Underpants or drawers, known colloquially as "panties," were first worn during the Renaissance for function but were also used as a chastity device. They were described at the time as "helping women keep clean and protecting them from the cold, they prevent the thighs being seen if they fall off a horse. These drawers also protect them against adventurous young men, because if they slip their hands under their skirts they can't touch their skin at all" (Saint-Laurent, p. 65). As a result of their direct contact with the female genitals, underpants were considered the most risqué of garments, so much so that it was considered almost more immodest to wear them than not, as they not only concealed but also drew attention to the vagina. Thus, until the mid-nineteenth century, they were primarily worn by prostitutes and by little girls.
By 1841, however, The Handbook of the Toilet suggested that French drawers were "of incalculable advantage to women, preventing many of the disorders and indispositions to which … females are subject. The drawers may be of flannel, calico, or cotton, and should reach as far down the leg as possible without their being seen" (Carter, p. 46). Underpants were variously known as drawers, knickers (derived from the original knickerbocker), smalls, britches, and step-ins. Nineteenth-century drawers were designed so that each leg of the garment was separate and the crotch was either open or sewn closed. By the end of World War I, as skirts became shorter, underpants became scantier. Thus in the 1920s, underpants were much smaller than in the nineteenth century.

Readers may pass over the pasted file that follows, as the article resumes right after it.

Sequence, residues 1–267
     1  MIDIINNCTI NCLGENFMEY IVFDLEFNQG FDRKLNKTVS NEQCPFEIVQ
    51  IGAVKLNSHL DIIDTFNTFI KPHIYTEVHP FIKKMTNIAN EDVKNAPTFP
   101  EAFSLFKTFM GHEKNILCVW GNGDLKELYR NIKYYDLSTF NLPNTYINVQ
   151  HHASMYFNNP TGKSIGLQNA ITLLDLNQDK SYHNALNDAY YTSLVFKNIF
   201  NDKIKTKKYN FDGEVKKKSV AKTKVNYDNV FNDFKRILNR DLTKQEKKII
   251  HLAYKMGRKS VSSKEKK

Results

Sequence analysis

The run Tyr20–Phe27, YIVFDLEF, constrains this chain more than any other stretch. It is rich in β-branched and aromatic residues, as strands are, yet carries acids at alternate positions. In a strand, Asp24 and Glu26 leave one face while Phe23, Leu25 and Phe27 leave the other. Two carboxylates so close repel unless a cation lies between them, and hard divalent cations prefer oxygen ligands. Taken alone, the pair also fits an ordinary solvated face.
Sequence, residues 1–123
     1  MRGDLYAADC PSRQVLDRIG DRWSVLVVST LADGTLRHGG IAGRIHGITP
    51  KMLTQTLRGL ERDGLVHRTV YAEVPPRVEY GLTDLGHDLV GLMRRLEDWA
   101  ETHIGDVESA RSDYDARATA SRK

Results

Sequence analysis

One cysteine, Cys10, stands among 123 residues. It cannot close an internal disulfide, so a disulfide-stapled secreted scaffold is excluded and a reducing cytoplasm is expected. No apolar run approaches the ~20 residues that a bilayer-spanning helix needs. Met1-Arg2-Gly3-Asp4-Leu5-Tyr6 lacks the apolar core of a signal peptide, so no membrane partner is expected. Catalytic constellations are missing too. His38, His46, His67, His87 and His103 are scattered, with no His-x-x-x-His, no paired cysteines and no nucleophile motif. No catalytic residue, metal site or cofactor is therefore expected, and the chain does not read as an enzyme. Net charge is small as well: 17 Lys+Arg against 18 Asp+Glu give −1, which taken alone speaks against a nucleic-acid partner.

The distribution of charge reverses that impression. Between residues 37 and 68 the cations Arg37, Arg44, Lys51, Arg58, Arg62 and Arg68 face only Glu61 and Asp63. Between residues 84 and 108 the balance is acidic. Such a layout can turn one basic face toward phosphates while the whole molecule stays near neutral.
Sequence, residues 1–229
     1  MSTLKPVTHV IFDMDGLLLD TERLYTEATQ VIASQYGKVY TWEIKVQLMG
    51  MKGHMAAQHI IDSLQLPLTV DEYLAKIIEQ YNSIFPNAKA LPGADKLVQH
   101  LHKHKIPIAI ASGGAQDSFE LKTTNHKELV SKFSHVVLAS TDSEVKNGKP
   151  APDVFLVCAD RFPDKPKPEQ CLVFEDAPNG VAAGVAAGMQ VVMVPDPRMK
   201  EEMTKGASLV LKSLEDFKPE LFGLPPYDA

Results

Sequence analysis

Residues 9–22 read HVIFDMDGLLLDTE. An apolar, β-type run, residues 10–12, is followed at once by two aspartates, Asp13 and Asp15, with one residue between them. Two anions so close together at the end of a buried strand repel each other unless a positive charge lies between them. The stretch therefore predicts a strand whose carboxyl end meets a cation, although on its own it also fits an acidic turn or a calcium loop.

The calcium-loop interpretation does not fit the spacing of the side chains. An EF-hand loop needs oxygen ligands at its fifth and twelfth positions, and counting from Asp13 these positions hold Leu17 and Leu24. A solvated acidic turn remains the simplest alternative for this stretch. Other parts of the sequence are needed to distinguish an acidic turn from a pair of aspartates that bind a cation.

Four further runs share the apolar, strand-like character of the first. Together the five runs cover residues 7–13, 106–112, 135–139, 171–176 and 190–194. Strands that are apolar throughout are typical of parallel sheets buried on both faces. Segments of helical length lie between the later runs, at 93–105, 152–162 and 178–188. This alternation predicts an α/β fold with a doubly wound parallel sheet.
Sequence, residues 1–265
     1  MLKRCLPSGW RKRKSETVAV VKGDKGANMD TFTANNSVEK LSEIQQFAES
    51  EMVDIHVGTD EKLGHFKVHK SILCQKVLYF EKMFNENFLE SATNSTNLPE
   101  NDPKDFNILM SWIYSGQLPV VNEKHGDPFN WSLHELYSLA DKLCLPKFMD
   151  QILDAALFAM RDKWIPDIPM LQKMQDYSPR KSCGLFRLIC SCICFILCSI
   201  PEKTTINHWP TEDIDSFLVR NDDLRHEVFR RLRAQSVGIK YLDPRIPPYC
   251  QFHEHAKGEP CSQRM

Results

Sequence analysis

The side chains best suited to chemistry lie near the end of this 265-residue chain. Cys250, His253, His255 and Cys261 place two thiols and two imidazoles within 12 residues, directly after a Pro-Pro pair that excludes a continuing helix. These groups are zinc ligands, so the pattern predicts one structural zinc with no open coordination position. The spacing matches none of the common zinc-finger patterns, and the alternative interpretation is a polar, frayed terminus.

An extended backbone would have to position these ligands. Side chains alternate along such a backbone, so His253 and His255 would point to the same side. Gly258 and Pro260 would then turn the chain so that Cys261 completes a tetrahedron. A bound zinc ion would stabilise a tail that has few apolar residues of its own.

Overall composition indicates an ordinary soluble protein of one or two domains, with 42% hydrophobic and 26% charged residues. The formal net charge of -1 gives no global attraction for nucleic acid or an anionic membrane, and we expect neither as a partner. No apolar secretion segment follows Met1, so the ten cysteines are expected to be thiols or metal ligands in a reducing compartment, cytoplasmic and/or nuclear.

Outside the realm of erotica and the burlesque theater, underpants were intended to be hidden garments. During the Wimbledon Tennis Championships in 1949, tennis player Gertrude Moran took to the court wearing a short tennis dress, designed by Teddy Tinling, that revealed a pair of ruffled lace-trimmed knickers. This apparel made headlines around the world as a very daring fashion statement. One of the seminal panty moments of post-World War II film saw Marilyn Monroe revealing her underpants when a draft from a subway grating blew up her skirt in the film The Seven Year Itch (1955).
The 1960s saw the development of matching bra and brief sets, disposable paper panties, and the bikini brief. In the 1990s, a new fashion for thong underwear became popular. More recently, boy-style underwear briefs have come into fashion for women. By the 1990s the meaning of panties had completely changed. Previously they had to be hidden at all costs but in this decade it became fashionable to wear big waist high pants under the transparent outerwear designs of Gianni Versace or Dolce & Gabbana. The deliberately non-sexual look of the pants diffused the potential vulgarity of the clothes above.
See also Brassiere; Lingerie; Underwear.
Carter, Alison. Underwear: The Fashion History. London: B.T.
Batsford, Ltd. New York: Drama Book Publishers, 1992.
Chenoune, Farid. Beneath It All: A Century of French Lingerie.
New York: Rizzoli, 1999.
Saint-Laurent, Cecil. The Great Book of Lingerie. London: Academy Editions, 1986.